Awards don’t mean popularity

Talk this weekend has been all about award ceremonies, namely the Academy Awards of course. I still haven’t seen 12 Years a Slave, but I was drawn to the memoir on which the film was based, writing in January about the power of such books in capturing history. However I don’t think I have ever been drawn to read a book simply because it has won an award, either for an adaptation or for the book itself. But I know a lot of people do like to read these awards winners, simply because they are such, because they have been given that seal of approval by fellow writers, judges and critics.
Sense of an EndingBut there has been some research published in Administrative Science Quarterly, showing that “winning a prestigious prize in the literary world seems to go hand-in-hand with a particularly sharp reduction in ratings of perceived quality”. This was observed after comparing 38,817 reader reviews on GoodReads of 32 pairs of books. One book in each pair had won an award, such as the Man Booker prize, and the other had been shortlisted for the same prize in the same year, but had not gone on to win. They found that as the status and sales of the award winners increased, the readers ratings became less positive. One particular example was the 2011 Man Booker winner The Sense of an Ending, by Julian Barnes. (which, by the way, I have read and enjoyed)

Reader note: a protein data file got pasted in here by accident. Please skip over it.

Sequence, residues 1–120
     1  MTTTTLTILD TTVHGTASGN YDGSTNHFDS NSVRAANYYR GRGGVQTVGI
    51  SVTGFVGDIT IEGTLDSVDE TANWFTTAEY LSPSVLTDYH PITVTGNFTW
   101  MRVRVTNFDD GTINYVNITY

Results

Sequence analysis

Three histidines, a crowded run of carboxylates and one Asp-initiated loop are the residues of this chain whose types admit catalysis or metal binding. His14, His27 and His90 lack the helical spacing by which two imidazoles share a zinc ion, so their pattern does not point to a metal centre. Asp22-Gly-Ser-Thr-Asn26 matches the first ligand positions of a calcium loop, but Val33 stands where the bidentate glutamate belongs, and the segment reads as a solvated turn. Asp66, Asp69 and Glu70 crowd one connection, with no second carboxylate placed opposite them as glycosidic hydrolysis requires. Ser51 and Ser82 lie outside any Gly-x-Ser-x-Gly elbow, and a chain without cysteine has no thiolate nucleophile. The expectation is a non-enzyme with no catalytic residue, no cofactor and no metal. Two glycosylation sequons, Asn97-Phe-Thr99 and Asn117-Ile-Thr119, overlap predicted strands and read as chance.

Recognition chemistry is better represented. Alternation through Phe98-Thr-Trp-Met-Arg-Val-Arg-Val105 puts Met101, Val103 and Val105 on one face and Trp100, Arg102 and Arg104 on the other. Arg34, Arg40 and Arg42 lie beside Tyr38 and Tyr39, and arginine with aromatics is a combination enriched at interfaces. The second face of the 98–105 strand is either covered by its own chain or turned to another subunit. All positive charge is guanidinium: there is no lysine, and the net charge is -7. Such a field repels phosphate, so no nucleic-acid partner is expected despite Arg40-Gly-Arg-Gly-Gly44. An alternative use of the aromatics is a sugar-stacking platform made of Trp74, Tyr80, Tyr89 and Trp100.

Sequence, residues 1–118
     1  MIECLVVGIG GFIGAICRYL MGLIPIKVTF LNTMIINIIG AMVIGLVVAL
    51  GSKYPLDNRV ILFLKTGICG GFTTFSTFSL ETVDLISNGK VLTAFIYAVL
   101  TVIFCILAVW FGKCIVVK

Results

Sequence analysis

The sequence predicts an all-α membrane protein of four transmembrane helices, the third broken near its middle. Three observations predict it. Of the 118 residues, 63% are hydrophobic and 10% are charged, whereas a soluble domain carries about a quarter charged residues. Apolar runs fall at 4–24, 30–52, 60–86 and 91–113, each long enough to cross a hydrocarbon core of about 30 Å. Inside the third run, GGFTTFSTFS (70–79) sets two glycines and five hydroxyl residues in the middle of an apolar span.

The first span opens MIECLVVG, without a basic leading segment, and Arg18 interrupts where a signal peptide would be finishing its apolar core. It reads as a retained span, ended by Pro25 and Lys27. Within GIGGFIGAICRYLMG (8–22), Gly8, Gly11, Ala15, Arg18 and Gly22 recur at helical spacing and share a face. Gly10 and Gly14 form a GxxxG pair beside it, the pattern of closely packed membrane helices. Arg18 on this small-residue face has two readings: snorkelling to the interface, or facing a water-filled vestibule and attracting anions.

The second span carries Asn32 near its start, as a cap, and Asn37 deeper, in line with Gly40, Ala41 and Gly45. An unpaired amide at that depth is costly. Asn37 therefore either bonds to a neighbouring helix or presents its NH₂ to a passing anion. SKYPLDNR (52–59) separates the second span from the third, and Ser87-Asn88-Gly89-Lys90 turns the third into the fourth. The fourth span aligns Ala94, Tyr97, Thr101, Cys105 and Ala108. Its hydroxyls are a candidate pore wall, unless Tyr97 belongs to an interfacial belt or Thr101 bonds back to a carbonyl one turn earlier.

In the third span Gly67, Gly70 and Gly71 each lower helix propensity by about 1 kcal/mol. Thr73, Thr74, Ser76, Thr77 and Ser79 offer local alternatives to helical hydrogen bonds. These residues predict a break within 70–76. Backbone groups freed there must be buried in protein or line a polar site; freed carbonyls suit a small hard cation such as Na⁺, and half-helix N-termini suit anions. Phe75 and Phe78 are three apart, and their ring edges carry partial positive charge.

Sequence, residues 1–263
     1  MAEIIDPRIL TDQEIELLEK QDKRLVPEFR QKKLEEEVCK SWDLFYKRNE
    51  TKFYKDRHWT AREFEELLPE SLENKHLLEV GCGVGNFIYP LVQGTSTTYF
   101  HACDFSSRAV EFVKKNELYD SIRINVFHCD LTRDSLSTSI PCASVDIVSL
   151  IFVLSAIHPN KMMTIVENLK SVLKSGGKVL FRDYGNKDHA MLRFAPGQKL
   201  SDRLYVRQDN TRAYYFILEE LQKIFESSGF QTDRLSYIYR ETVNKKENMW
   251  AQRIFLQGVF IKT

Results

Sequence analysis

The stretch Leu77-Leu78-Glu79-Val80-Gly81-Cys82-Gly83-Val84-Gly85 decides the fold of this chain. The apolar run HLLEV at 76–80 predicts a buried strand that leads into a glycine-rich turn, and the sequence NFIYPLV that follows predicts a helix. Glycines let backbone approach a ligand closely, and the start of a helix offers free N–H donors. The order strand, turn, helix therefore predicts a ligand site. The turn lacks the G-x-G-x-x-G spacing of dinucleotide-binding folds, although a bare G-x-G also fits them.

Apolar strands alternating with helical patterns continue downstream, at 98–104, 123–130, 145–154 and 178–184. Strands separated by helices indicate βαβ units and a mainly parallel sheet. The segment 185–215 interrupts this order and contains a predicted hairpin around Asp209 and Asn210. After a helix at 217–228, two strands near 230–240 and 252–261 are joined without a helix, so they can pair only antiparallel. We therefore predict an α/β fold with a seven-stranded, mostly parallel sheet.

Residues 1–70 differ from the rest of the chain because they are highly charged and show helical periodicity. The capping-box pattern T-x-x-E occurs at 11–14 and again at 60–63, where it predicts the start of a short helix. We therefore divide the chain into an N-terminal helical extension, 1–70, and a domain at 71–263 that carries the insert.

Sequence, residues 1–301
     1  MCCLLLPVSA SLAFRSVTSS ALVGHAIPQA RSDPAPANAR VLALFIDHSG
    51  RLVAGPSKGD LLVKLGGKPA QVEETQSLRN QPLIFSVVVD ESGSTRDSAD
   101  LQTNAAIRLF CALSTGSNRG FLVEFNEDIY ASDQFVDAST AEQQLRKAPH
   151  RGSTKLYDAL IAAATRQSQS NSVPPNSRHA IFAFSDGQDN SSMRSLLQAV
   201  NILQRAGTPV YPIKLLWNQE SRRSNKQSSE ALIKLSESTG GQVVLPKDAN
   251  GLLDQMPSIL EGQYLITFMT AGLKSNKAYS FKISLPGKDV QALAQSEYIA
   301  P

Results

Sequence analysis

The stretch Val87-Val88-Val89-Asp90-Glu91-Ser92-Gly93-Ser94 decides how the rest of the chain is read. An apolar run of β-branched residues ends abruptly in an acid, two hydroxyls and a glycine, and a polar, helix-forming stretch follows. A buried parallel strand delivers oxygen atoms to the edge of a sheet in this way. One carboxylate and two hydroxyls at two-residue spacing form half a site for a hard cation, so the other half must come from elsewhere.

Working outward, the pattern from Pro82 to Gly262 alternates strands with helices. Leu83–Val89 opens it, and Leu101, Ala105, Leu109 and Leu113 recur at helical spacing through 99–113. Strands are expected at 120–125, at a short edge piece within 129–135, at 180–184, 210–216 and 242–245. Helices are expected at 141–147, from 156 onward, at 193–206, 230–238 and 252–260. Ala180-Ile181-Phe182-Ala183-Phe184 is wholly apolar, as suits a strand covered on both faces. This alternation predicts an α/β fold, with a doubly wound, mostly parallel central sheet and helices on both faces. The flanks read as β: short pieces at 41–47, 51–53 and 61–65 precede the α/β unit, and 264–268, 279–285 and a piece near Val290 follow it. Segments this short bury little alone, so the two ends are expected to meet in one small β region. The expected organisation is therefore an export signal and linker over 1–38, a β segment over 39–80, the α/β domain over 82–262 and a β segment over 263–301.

These findings have been attributed to the readership of the novels increasing considerably simply because of the award – there are more reviews written by people who read the book because it was an award winner, not because they thought it would be to their personal taste. It just goes to show that what is important to a reader – what makes them deem a book “good” – is a very personal thing. A book might be very well written, praised by award judges, but if it isn’t to your individual taste, it still might illicit a bad review.

I believe that reading a book is an investment, and there are far more to choose from than you could ever hope to read. Therefore you must choose carefully. Just because it has an award sticker on the front, doesn’t mean you are going to like it.


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